I do a lot of reading about next-generation strategies, trends and tactics being employed by leading procurement organizations. Often, I find myself confronted by the notion of “best-in-class.”
Discussions about conversational AI are ubiquitous these days and virtual or cognitive agents, such as chatbots and the like, are at the forefront.
Since the breakup of AT&T in 1982, the U.S. telecom carrier landscape has evolved rapidly, sometimes in dramatic fashion. Familiar names have come and gone – MCI, WorldCom, Qwest, Cingular and Nextel, to name a few. Today, with CenturyLink acquiring Level 3, AT&T completing its acquisition of Time Warner and Sprint looking to combine with T-Mobile, we see no signs of these changes slowing down.
Is Agile for everyone?
Conventional wisdom has it that Agile product development works only in business cultures that fully embrace the methodology’s principles of responsiveness, speed and focus on business requirements. If you’re not all in, the thinking goes, don’t bother.
Robo-advice, also known as ‘automated advice’ refers to the provision of financial advice with as little human interaction as possible. A strand of artificial intelligence, robo-advice offers guidance on the basis of mathematical rules and algorithms rather than human intelligence. Whilst algorithmic trading may have been around for many years, the concept of a ‘robo-adviser’ has only recently become a reality.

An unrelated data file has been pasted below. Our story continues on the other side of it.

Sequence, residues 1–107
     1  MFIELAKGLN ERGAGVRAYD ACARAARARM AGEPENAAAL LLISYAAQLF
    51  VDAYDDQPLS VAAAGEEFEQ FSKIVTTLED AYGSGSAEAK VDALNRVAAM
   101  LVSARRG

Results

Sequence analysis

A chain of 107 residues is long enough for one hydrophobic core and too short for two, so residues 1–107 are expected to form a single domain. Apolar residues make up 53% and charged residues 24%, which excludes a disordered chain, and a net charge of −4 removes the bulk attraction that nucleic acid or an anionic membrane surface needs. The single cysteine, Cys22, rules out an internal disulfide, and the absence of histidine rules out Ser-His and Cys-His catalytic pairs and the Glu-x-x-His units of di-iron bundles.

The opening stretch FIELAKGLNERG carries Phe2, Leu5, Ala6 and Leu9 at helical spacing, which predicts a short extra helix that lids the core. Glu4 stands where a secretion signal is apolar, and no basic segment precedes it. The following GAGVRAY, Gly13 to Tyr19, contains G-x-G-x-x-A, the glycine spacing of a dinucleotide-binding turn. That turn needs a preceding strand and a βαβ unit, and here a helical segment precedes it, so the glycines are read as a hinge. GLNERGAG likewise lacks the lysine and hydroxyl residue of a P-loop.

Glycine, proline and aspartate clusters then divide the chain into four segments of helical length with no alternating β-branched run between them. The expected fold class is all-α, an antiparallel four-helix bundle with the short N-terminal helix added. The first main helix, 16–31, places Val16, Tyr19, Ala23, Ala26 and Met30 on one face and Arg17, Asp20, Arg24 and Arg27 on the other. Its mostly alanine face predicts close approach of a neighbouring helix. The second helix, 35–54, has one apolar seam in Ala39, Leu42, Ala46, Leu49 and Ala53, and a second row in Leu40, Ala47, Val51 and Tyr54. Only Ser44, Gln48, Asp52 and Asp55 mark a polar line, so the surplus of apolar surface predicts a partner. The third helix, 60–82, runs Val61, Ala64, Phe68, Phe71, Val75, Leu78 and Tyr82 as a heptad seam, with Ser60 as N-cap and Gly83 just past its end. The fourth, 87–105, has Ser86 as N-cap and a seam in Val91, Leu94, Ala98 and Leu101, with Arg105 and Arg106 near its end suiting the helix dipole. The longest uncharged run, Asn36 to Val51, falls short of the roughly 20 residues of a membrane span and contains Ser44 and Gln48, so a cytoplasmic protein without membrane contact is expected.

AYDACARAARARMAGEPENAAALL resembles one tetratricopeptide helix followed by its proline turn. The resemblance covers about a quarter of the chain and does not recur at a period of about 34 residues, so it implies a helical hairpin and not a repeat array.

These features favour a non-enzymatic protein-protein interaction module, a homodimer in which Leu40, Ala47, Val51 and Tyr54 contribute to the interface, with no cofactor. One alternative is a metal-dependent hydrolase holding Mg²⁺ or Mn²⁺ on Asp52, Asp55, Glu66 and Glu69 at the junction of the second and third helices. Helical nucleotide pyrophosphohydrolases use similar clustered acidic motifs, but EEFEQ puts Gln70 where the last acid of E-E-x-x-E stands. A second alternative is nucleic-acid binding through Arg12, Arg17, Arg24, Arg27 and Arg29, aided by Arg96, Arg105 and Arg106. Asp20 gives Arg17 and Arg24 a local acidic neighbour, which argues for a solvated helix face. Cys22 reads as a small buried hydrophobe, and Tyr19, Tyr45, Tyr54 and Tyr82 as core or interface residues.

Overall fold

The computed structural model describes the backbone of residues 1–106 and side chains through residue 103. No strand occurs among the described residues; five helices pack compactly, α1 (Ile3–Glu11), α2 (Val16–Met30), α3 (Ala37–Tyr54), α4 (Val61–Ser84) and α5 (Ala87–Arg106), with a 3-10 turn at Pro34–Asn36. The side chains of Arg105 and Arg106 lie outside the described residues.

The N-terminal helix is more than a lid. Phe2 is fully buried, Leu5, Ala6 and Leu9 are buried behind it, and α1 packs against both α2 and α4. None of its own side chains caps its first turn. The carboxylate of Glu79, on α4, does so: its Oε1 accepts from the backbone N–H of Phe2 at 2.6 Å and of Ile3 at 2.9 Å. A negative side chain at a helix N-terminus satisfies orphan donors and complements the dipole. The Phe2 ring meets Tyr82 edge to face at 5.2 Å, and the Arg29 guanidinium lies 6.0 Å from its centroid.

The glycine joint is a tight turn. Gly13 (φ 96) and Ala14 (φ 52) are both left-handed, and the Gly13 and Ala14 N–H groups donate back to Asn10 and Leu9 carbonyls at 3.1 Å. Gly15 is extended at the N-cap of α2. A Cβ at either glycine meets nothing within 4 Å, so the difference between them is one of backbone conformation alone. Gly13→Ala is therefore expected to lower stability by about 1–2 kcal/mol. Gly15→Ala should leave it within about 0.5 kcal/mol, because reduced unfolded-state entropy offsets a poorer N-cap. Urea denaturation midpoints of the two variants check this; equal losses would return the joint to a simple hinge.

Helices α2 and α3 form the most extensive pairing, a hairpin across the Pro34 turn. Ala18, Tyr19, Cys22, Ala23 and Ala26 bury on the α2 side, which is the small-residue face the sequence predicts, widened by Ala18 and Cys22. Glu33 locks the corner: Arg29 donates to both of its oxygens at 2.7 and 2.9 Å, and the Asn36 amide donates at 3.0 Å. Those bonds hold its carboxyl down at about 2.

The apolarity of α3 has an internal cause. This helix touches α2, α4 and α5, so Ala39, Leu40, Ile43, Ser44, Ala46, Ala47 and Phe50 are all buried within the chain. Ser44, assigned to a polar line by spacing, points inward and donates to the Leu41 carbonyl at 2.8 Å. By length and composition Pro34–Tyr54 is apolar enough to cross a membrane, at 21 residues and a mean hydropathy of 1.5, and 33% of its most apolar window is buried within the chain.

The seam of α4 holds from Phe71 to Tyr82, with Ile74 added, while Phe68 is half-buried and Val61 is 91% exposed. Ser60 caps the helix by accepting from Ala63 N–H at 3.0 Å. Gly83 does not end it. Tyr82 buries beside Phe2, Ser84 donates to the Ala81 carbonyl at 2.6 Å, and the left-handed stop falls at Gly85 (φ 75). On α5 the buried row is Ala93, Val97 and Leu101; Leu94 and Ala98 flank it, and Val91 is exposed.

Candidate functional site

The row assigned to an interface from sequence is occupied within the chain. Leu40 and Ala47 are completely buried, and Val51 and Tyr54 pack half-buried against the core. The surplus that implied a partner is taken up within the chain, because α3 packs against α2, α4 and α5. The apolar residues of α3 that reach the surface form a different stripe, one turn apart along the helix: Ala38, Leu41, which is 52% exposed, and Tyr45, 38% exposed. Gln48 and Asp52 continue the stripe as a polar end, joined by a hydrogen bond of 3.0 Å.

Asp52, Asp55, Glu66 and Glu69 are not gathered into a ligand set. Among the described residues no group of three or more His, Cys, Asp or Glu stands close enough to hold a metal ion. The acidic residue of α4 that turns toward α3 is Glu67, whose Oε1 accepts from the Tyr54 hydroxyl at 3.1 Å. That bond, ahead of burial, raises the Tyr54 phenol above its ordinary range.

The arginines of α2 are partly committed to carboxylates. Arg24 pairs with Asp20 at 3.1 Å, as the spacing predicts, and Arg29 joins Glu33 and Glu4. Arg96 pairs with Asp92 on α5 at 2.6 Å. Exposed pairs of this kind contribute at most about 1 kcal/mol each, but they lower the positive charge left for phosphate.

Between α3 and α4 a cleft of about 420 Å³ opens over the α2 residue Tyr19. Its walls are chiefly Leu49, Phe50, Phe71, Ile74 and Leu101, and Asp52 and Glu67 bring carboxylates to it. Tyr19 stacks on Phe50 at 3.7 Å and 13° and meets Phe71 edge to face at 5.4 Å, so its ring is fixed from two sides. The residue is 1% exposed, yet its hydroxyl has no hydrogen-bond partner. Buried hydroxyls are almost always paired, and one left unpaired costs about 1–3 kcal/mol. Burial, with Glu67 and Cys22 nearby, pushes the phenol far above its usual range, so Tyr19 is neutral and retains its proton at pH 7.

It’s always struck me as a somewhat interesting paradox that despite the fact that age, like race or gender, is a “protected class” when it comes to workplace discrimination, we continue to talk about “millennials” in offensive ways that are a blatent compliance violation.
Being an ally comes in many different shapes and sizes, requiring involvement at both the micro and macro levels. Whether it means showing support by demonstrating interest in a cause important to a friend, or personally taking action to further their cause, allies strengthen each other through committed relationships and shared effort.